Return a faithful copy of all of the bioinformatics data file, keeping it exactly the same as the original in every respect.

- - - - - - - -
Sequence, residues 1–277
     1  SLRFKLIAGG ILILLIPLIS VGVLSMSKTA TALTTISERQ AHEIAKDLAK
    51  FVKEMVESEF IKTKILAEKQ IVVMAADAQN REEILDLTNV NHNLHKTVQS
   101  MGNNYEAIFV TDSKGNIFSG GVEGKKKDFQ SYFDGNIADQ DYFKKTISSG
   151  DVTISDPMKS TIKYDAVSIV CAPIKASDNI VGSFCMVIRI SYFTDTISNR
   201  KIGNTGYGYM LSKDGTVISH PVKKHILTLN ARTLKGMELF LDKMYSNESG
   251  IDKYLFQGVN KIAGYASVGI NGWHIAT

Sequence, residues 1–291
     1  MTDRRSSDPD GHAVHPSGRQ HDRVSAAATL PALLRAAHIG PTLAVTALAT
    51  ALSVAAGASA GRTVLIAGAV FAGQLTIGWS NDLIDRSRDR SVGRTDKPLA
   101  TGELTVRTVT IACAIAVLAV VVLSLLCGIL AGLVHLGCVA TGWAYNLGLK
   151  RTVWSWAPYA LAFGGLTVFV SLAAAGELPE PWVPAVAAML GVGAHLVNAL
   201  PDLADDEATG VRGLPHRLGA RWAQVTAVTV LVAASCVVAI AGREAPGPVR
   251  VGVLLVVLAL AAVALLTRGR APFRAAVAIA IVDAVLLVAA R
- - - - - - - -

Sequence, residues 1–277
     1  SLRFKLIAGG ILILLIPLIS VGVLSMSKTA TALTTISERQ AHEIAKDLAK
    51  FVKEMVESEF IKTKILAEKQ IVVMAADAQN REEILDLTNV NHNLHKTVQS
   101  MGNNYEAIFV TDSKGNIFSG GVEGKKKDFQ SYFDGNIADQ DYFKKTISSG
   151  DVTISDPMKS TIKYDAVSIV CAPIKASDNI VGSFCMVIRI SYFTDTISNR
   201  KIGNTGYGYM LSKDGTVISH PVKKHILTLN ARTLKGMELF LDKMYSNESG
   251  IDKYLFQGVN KIAGYASVGI NGWHIAT

Sequence, residues 1–291
     1  MTDRRSSDPD GHAVHPSGRQ HDRVSAAATL PALLRAAHIG PTLAVTALAT
    51  ALSVAAGASA GRTVLIAGAV FAGQLTIGWS NDLIDRSRDR SVGRTDKPLA
   101  TGELTVRTVT IACAIAVLAV VVLSLLCGIL AGLVHLGCVA TGWAYNLGLK
   151  RTVWSWAPYA LAFGGLTVFV SLAAAGELPE PWVPAVAAML GVGAHLVNAL
   201  PDLADDEATG VRGLPHRLGA RWAQVTAVTV LVAASCVVAI AGREAPGPVR
   251  VGVLLVVLAL AAVALLTRGR APFRAAVAIA IVDAVLLVAA R